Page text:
To this list, the historian expert adds others, such as two wood carvings of praying female figures adorn the lobby; two carved wooden chests, some chairs that were originally in the dining room and that stand as “the only identified vestige of that room at the time of the writer”; two wooden armchairs with two matching chairs, a sofa and two armchairs; four carved wooden beds with shield and county crown usually presented in objects linked to the county of Pardo Bazán or two wooden tables are other objects that appear in the list.

A section that draws especially attention is the one that the historian expert dedicates to the elements deposited haphazardly in the old Meirás farm, the original residence of the Pardo Bazán family, converted into a service area after the construction of As Torres. As LA OPINIÓN advanced, in this historic building, which housed garages and offices during the dictatorship, goods are stored from the time of Pardo Bazán, the dictatorship and later, some of them partially burned, probably from the 1978 fire. Perez Lorenzo reveals in his report that, among the deposited items, there is a wooden bed with the ducal coat of arms from Pardo Bazán’s times, polychrome pieces with heraldic symbols from that stage, iron armor that adorned the stairs before the dictatorship or even part of the bookstore that originally housed the writer’s library, whitewashed and stripped of the upper module to store tools. There are also sections of an ornamental iron closure probably from the 19th century similar to those located in the gardens of the Farm, among others. Pérez Lorenzo also details the existence of documents, many from the time of the dictatorship, and a very deteriorated access diploma to the Royal Galician Academy.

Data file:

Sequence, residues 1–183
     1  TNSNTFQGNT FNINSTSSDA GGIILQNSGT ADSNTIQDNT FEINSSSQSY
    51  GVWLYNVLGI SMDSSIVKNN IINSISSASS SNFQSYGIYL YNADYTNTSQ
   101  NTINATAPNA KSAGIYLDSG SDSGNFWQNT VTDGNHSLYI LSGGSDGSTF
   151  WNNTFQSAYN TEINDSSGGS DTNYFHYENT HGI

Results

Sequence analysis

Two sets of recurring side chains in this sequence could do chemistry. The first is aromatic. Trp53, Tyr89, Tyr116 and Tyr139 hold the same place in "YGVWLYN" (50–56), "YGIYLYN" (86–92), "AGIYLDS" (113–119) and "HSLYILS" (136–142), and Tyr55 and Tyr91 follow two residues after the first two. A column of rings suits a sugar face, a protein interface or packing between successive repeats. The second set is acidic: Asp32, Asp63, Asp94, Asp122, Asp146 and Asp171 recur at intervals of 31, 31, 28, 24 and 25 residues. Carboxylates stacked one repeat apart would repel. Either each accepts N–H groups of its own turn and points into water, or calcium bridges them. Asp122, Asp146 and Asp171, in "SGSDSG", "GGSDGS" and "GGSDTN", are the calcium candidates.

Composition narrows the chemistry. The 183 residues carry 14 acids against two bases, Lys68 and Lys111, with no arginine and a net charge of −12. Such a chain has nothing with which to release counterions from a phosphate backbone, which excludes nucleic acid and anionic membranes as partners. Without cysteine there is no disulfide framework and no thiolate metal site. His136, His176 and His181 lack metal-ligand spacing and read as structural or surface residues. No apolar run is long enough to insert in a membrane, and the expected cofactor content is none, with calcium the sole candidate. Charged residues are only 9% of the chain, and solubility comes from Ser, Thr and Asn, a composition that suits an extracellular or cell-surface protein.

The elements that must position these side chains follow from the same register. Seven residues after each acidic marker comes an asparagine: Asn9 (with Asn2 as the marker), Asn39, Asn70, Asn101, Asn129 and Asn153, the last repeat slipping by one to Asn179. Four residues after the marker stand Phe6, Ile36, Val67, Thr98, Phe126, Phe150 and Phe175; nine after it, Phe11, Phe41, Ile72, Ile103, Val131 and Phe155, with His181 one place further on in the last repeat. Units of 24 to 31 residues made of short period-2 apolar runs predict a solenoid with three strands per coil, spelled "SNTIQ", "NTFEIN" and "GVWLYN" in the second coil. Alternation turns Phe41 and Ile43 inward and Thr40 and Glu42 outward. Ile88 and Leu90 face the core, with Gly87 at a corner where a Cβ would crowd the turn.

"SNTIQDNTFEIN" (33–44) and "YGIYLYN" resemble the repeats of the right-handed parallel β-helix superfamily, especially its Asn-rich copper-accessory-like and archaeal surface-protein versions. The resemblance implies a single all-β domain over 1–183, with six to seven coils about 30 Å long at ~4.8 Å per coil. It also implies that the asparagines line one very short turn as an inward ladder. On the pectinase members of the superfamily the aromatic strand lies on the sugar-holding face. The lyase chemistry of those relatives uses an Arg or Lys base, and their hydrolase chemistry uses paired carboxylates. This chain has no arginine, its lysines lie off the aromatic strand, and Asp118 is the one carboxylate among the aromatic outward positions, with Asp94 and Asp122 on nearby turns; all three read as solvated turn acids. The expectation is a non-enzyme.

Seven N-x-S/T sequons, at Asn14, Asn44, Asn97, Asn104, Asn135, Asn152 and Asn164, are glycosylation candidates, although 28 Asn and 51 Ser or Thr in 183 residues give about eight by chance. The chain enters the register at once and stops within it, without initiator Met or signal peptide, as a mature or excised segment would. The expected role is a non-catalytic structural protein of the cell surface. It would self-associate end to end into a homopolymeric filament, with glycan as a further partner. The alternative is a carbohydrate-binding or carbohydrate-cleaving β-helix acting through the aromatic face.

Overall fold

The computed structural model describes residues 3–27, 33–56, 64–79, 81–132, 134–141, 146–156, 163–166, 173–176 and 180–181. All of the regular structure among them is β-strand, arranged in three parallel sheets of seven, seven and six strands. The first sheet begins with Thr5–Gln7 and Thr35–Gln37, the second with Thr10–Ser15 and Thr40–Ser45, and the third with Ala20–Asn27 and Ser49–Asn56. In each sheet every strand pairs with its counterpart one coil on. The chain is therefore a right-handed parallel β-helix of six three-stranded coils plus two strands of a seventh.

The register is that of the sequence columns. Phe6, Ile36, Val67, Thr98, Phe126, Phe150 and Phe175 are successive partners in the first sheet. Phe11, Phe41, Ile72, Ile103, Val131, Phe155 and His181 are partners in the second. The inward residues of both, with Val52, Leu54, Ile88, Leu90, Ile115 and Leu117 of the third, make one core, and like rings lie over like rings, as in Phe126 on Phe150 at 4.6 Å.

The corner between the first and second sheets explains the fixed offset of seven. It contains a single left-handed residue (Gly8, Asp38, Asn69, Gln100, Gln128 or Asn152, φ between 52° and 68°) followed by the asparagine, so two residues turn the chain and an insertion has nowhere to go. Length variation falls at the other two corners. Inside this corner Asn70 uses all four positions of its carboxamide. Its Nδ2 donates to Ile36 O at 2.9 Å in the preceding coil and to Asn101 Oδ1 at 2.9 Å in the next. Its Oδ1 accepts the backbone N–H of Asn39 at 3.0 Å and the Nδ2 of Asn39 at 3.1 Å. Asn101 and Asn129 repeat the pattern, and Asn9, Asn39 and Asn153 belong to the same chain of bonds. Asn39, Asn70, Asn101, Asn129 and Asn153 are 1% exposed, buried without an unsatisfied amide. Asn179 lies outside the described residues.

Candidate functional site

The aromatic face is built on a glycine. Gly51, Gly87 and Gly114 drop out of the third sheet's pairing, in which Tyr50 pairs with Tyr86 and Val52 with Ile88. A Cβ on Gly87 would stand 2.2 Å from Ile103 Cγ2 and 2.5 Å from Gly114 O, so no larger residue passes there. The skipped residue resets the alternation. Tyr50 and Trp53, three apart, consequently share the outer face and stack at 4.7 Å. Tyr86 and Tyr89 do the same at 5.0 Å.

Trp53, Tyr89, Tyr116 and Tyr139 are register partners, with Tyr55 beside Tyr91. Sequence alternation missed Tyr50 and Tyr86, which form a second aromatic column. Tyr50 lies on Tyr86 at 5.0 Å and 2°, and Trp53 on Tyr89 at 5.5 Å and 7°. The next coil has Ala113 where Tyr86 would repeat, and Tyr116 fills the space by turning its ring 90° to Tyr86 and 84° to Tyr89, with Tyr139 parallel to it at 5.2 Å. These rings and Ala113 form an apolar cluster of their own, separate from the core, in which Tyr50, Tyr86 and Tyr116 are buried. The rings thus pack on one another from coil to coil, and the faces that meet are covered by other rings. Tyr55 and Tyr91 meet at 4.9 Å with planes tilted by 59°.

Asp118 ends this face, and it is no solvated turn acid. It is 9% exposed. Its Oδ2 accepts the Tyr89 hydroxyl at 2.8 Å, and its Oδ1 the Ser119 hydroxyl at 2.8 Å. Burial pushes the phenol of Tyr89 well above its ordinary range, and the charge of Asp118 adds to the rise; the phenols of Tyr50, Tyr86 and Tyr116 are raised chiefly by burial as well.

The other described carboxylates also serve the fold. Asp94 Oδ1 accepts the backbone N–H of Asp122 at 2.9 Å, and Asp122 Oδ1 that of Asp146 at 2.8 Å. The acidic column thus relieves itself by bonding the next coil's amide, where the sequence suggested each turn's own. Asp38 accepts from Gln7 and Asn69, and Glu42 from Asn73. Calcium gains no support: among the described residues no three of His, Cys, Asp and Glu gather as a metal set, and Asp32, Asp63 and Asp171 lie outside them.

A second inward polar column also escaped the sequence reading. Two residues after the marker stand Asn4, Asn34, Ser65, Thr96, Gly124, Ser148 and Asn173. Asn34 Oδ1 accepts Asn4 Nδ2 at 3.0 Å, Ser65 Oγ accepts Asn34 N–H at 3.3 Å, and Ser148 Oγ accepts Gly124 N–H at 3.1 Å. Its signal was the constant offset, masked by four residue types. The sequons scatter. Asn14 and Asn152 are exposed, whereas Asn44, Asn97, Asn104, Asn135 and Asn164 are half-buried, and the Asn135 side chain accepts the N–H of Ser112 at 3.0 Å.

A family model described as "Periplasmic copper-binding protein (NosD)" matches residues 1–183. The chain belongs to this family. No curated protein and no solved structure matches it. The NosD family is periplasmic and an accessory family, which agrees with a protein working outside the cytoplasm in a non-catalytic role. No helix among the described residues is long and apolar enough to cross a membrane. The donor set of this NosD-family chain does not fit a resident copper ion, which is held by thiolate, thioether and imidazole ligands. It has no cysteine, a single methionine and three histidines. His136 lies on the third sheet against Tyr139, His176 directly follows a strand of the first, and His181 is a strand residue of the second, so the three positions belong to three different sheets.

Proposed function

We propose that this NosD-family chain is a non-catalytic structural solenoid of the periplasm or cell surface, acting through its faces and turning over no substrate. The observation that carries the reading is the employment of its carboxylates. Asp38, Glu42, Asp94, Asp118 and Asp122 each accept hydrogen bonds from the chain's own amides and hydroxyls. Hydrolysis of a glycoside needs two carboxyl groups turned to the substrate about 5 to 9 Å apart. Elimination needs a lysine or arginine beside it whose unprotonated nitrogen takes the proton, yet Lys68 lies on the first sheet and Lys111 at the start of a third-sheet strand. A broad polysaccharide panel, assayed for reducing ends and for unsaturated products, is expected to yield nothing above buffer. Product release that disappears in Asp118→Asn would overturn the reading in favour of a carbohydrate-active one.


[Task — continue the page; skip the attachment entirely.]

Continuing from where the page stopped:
The historian clarifies that the listed assets from the time of Pardo Bazán others can be added that seem to correspond but they should be the object of a more detailed study.

The expert report lists more than a hundred properties located inside the Meirás pazo or in the Farm after 1938 and that considers goods by destination linked to the use of the pazo as the official residence of the dictator. These are furniture, objects and works of art that are part of dependencies such as lounges, dining rooms or offices “closely linked to the public uses of the premises”, where state banquets, official receptions, ministerial conferences were held, highlights the expert , which affects that part of this furniture came from other buildings assigned to National Heritage, such as those revealed by a report from this state body.

The expert concludes that all assets must remain in Meirás and highlights the value of those of Pardo Bazán, sold with the pazo, for their “Didactic and museum potential” and his interest in “approaching the study of his biography”. It defends that those incorporated by the dictatorship are real estate by destination, linked to its use as an official residence and placed with a “vocation of permanence.” His transfer, he warns, would mean “a significant decrease in the artistic and aesthetic value and, above all, in the historical and cultural value of a complex that was declared an Asset of Cultural Interest.”

The view that will determine the future of the assets of the pazo de Meirás will be held on January 13 and 14. The Government has already advanced that, in addition to defending its incident, the State Advocacy will also adhere to the one presented by the Council of Sada.